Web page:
Islamabad, Oct 20: In a shocking statement made by none other than the head of Pakistan’s parliamentary committee on forced religious conversions, Senator Anwar Ul Haq Kakar has said that conversions of Hindu girls in Sindh province cannot be declared as forced as the girls had “some degree of willingness”.
Kakar made these alarming remarks during a recent press briefing alongside committee member MNA Lal Chand Malhi and civil society activist Krishan Sharma after the committee came back with its findings about incidents of forced conversions of Hindu girls in the Sindh province.
“There are several definitions of forced conversion, and the subject was debated by the committee at length”, Kakar said.
“Although conversion to seek a better lifestyle is also considered forced conversion, economic reasons can be considered exploitation and not force, as eventually it is after consent,” he added.
Kakar said a thin line differentiates consent and exploitation, adding that conversions of Hindu girls in Sindh province could not be considered forced.
“The committee, which included members from other religions as well, did not find any trace of kidnapping and illegal confinement of Hindu girls who later came to give statements in the court,” he said.
The committee members maintained that they conducted a complete survey during their visit to Sindh, during which they held public meetings with senior officials in the Sindh government, officials and even the accused groups, who are allegedly behind the conversions.
The committee also met with the families of the victims to understand better the increasing cases of forced conversions, of what they liked to call conversions of Hindu girls who had either been abducted, or had ran away with their Muslim lovers, converted their religion to Islam and got married.
“The worst part of the situation was that the families’ pain and shame were not taken into consideration. If we all start taking the families into confidence and devise a mechanism to console them, the cases of forced conversions will decline,” Kakar said.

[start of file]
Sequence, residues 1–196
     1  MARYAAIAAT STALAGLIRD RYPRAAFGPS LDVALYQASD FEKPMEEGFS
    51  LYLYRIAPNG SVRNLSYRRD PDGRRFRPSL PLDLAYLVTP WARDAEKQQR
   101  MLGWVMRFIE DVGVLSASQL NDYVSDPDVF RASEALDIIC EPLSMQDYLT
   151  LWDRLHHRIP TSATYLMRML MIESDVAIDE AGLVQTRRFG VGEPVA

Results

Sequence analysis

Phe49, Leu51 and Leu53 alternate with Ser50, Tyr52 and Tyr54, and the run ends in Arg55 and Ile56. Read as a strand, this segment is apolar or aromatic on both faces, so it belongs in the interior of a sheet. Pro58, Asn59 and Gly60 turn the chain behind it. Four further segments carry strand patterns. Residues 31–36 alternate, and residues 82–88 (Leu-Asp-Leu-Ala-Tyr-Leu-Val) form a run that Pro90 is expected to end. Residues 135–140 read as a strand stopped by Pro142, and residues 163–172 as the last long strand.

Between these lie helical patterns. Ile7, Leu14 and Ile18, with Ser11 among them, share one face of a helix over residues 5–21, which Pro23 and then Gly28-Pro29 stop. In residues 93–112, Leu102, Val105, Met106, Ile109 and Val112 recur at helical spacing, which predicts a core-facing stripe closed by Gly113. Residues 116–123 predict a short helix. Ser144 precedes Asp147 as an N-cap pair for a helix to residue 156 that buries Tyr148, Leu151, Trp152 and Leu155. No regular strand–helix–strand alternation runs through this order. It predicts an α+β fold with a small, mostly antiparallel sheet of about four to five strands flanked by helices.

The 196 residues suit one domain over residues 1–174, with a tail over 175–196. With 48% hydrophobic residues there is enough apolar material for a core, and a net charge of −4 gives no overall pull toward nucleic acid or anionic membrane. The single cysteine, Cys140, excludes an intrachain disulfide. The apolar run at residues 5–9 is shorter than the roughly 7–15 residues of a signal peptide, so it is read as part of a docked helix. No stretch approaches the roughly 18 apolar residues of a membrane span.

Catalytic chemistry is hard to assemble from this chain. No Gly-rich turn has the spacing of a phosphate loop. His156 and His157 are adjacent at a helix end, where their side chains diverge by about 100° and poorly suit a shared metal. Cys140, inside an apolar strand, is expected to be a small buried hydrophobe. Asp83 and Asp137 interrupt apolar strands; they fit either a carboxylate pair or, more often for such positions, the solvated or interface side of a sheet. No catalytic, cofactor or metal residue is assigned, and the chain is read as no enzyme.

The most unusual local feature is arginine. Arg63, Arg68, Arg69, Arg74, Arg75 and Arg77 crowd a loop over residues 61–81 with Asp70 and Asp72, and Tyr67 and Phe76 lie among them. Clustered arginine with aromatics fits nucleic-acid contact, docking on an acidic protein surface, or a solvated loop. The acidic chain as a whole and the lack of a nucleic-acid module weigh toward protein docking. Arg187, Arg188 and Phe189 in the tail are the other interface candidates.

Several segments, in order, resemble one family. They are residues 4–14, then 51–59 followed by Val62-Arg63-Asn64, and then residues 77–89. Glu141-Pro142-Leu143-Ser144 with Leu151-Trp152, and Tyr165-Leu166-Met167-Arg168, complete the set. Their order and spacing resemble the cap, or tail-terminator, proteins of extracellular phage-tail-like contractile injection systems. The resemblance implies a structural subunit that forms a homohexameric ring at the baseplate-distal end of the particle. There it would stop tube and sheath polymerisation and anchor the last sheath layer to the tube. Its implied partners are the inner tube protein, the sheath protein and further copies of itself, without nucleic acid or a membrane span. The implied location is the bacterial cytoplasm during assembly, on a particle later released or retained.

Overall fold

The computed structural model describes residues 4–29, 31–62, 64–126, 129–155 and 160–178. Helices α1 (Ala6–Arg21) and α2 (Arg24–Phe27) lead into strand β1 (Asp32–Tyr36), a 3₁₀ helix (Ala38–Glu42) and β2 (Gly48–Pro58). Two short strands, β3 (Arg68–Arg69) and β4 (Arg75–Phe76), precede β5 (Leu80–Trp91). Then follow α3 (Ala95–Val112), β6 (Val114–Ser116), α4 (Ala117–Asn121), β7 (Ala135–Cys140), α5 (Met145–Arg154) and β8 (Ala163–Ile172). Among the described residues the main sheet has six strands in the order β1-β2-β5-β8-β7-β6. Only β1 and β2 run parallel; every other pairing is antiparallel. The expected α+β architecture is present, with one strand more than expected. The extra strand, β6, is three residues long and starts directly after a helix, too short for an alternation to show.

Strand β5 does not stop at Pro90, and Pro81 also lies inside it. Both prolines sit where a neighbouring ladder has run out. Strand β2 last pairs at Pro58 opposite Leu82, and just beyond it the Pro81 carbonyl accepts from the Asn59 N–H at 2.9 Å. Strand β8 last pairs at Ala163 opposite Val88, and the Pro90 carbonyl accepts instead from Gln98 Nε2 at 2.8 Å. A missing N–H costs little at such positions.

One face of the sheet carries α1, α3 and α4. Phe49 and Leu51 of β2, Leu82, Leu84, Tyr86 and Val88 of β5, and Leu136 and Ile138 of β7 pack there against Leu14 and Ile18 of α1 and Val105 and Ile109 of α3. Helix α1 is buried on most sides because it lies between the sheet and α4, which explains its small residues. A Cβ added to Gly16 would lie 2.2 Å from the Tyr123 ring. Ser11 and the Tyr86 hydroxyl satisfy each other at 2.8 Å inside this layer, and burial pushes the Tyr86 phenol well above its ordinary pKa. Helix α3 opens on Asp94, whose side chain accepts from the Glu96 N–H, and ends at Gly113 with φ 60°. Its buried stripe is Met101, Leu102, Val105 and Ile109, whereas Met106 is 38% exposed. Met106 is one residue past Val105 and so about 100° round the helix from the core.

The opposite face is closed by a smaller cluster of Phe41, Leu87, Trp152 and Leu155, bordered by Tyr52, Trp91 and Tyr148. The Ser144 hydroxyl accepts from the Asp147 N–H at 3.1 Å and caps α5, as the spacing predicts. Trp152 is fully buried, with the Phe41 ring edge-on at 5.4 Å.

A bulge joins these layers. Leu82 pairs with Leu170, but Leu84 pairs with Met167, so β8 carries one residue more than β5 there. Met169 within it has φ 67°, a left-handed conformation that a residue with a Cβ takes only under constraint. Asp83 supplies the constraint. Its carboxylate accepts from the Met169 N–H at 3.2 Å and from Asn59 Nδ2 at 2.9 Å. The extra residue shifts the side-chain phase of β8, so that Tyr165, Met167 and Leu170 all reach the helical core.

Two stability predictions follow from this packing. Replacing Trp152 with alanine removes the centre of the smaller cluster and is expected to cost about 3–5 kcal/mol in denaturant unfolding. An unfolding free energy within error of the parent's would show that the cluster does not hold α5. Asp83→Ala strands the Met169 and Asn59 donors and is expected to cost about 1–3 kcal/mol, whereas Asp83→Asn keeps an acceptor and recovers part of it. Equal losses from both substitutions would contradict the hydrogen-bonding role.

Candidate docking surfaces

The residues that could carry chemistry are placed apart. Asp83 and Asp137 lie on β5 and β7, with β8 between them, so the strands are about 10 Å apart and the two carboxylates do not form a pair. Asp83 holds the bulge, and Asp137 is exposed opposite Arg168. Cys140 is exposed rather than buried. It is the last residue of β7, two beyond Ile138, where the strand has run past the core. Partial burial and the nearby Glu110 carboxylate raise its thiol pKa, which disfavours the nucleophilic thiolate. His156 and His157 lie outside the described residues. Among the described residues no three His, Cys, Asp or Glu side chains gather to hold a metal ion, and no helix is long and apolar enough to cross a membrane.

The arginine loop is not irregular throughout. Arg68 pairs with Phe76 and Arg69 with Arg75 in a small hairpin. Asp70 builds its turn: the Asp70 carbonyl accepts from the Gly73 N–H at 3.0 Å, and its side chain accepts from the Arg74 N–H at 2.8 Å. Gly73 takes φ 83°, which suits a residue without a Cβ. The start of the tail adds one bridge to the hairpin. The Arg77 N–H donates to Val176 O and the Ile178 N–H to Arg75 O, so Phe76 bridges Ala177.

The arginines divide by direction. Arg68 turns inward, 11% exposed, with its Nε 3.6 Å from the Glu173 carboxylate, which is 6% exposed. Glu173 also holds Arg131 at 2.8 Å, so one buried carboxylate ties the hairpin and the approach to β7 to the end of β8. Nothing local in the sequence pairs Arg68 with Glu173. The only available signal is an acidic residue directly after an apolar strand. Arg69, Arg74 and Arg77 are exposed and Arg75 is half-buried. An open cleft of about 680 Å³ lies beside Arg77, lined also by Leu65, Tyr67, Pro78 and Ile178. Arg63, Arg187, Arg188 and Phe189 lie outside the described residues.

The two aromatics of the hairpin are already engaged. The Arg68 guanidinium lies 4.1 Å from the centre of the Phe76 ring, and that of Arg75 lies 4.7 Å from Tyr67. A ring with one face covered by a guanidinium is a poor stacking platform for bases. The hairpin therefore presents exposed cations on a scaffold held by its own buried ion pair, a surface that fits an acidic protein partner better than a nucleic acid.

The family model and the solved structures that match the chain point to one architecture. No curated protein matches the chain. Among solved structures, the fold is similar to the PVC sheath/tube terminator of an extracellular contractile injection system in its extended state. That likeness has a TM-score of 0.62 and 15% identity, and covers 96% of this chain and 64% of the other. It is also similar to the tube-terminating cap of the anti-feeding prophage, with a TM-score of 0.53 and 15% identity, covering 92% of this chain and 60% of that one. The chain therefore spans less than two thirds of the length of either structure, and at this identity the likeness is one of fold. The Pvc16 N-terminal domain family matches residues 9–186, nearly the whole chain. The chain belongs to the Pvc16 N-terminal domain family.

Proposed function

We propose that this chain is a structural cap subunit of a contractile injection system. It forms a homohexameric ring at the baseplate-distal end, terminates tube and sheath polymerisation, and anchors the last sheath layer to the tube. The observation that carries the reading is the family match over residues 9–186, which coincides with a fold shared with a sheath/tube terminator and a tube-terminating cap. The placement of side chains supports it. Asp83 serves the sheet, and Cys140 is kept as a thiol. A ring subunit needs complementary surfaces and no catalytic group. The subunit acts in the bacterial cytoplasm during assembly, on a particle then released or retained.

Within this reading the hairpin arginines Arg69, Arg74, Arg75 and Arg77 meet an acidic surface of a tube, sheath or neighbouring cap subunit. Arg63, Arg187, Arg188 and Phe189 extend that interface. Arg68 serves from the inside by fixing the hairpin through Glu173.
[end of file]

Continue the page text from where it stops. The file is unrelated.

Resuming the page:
He said the committee found out that most or all of the cases of forced conversions had some degree of willingness on the girl’s part.
“What we observed is that the majority of the girls and boys had secretly decided to elope and marry. But that was because the families of the two would not accept them as life partners,” he said.
Lal Chand Malhi said that the state should take the responsibility of providing shelter and security to such couples who willingly run away, change their religions willingly and get married.
“Those who run away from their homes should be provided state protection for some time so that the girl may finalise her decision,” he said.
“People such as Mian Mithu and Pir Sarhandi house girls and manage the system to keep the girls away from their families. There is no evidence that these people are backed by any authority, political power or state organ,” he added.
Activist Kirshan Sharma said there were two kinds of forced conversions that persist in the country, insisting that they need the state’s immediate attention.
“There are two kinds of forced conversions, the first involving kidnapping and illegal confinement, and a second kind. The second kind is rampant in Sindh and that has to be taken care of by the state. This is procedural forced conversions, in which the whole system of the country, from the police to the courts etc., are violating the laws and facilitating such conversions,” he said.
“When the parents present a certificate that the age of the girl is below 18 years, the police usually do not attach this document in the FIR, but we have women protection laws in the country and we need to implement them,” he added.
The parliamentary committee will also meet with the Council of Islamic Ideology to discuss cases where a Hindu girl wishes to return to her family after expressing consent to a marriage with a Muslim in court.